The Alternate Oscars: Best Picture (1927-1968)

An ongoing survey of the Criterion Forum membership to create lists of the best films of each decade and genre.
Post Reply
Message
Author
PillowRock
Joined: Tue Feb 05, 2008 8:54 pm

Re: The Alternate Oscars: Best Picture (1927-1968)

#101 Post by PillowRock » Fri Jul 31, 2009 3:02 pm

reno dakota wrote:In Which We Serve – A surprising good film and an interesting portrait of wartime Britain. The early sequences, which focus on the mechanics of a battleship under siege,
Doubtless many will say this is pointless trivia in this context, but whatever it may be worth ......

Referring to a destroyer as a battleship is a bit like referring to a jeep with a machine gun mount as a tank.

User avatar
reno dakota
Joined: Mon Mar 17, 2008 11:30 am

Re: The Alternate Oscars: Best Picture (1927-1968)

#102 Post by reno dakota » Fri Jul 31, 2009 3:26 pm

Thanks for your nitpicking, PillowRock. I stand corrected, as does my post. Now would you like to comment about the film itself?

User avatar
movielocke
Joined: Fri Jan 18, 2008 12:44 am

Re: The Alternate Oscars: Best Picture (1927-1968)

#103 Post by movielocke » Fri Jul 31, 2009 4:09 pm

I've only got 8 films left unseen from the 40s and five of them are from 1943. :-p But I am a Casablanca partisan. I came to that from the opposite direction as you though. the first time I was impressed, but not blown away. the second time I saw it, a few years later, I thought, "hmm, this is actually pretty great." Then the next time I saw it a year or so later and on the big screen, I was thunderstruck, then I saw it on the big screen again and was even more impressed (and it finally worked its way into my top ten); I like it more and more each time I revisit it, rather on home video or seen properly.

nighthawk4486
Joined: Tue Mar 03, 2009 11:19 pm

Re: The Alternate Oscars: Best Picture (1927-1968)

#104 Post by nighthawk4486 » Sat Aug 01, 2009 5:52 pm

1954

On the Waterfront - #1 on the year - to me, hands down the best film of the year - the best acting, the best script - just a great story no matter what the underlying allegory is - this time Brando won and Malden didn't - but as with Streetcar, they both should have won - it went 8 for 12 at the Oscars - goes 8 for 13 with me, with Malden winning but no win for Art Direction

The Caine Mutiny - #7 on the year - solid **** - great Bogart performance

The Country Girl - #8 on the year - low-level **** - great performances from Kelly and Crosby - good job of not making it seem like a filmed play

Seven Brides for Seven Brothers - #42 on the year - mid *** - I know some people really love it, but it is one of my least favorite of all of the "classic" musicals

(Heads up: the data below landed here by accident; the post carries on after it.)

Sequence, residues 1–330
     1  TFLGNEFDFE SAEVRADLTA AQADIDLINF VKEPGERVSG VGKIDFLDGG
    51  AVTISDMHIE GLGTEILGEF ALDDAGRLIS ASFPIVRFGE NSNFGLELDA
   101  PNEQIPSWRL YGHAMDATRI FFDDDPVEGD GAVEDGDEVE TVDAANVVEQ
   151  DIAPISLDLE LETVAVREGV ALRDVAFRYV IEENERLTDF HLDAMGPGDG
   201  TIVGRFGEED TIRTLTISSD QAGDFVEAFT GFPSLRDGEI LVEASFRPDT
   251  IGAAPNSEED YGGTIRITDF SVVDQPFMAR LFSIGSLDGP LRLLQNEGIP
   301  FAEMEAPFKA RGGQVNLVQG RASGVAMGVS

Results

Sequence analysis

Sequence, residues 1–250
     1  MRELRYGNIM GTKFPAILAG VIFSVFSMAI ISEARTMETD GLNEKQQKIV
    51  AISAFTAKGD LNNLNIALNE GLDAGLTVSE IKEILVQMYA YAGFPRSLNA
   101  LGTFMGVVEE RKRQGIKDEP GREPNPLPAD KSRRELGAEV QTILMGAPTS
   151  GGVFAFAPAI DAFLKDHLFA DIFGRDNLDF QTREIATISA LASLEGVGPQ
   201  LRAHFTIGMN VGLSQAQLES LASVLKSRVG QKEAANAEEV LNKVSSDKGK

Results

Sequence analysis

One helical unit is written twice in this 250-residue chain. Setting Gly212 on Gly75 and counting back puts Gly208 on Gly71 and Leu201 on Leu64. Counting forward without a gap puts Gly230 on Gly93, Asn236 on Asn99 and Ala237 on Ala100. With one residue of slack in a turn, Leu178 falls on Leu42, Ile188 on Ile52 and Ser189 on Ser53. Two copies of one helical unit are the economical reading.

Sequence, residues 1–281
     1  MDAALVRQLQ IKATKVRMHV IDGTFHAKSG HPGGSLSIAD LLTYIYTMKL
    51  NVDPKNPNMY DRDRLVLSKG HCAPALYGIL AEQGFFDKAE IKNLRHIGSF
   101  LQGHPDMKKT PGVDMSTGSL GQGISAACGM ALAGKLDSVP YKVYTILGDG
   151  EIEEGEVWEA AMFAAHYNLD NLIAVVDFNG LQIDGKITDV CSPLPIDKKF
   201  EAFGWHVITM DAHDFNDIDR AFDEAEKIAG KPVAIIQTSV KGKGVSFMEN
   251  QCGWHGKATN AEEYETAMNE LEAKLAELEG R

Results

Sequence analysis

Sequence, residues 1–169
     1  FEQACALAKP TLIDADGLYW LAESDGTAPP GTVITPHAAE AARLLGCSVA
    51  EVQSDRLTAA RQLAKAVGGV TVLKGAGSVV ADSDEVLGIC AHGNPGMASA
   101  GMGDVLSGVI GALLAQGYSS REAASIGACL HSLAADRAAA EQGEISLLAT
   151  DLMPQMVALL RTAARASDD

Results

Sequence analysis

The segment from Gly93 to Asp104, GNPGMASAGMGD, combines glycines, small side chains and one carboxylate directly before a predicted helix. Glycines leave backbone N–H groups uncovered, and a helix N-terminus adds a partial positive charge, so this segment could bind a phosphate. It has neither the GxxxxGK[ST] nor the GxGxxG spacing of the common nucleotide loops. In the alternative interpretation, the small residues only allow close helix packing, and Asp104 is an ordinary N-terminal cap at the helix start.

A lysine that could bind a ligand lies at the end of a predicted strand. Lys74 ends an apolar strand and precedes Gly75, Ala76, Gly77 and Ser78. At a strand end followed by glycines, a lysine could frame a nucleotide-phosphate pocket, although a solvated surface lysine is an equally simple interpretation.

Three Coins in the Fountain - #52 on the year - **.5 - lame film where I really didn't care about any of the characters

my top 5
#1 - On the Waterfront
#2 - Rear Window
#3 - A Star is Born
#4 - Forbidden Games
#5 - Sabrina


my GG:
Drama - On the Waterfront, Rear Window. Forbidden Games, Gate of Hell, The Caine Mutiny
Comedy - A Star is Born, Sabrina, Hobson's Choice, 20,000 Leagues Under the Sea, Genevieve

to see:
NONE! - I've actually seen all the 1954 Oscar nominees

1955

Marty - #29 on the year - mid *** - I remember the scene in Quiz Show when Herb Stempel doesn't want to go out on Marty because he loved it and saw it three times and thinking why? - it's so over-rated - just an okay film with okay performances - can't understand how it won any of its four oscars

Mr. Roberts - #2 on the year - great film with great performances - I did finally see The Trial and I thought Kennedy was great, but I think Lemmon's performance here is truly magnificent - possibly the greatest ending line to a film ever

Picnic - #6 on the year - just barely a **** film - this would be lower in a lot of years, but 1955 is a pretty weak year - I know many of you don't like Picnic, but I liked it quite a bit - though it's been a long time since I've seen it - thought O'Connell and Russell were fantastic, though Holden wasn't up to his usual snuff and the other females were pretty bad - I liked the story as I had liked the play and felt it was a good example of how to open up a play rather than just filming it

The Rose Tattoo - #18 on the year - barely a ***.5 film - Magnini is magnificent (definitely deserved the Oscar) and I always liked Lancaster, unlike Stanley Kauffmann (just read his fantastic A World on Film, which I highly recommend - he thought Lancaster was a truly awful actor)

Love is a Many Splendored Thing - oh, dear lord, how did this sentimental crap get nominated over East of Eden (which won Best Picture - Drama at the Globes) - I am a big Holden fan, but this is just a ridiculously stupid film - **.5 - #55 on the year

my top 5:
#1 - Rebel without a Cause (Dean also wins Best Actor from me for this, not East)
#2 - Mr. Roberts
#3 - Bad Day at Black Rock (best film Tracy ever did)
#4 - To Catch a Thief
#5 - East of Eden

my globes:
Drama - Rebel without a Cause / Bad Day at Black Rock / East of Eden / Picnic / Man with the Golden Arm
Comedy - Mr. Roberts / To Catch a Thief / Lady and the Tramp / Mr. Hulot's Holiday / The Trouble with Harry

nominees I need to see:
Private War of Major Benson
Rains of Ranchipur
Unchained


1956

ah, the year of the bloated epics

Around the World in 80 Days - lightly enjoyable, but it won because of its spectacle, not because of its quality - *** - #27 on the year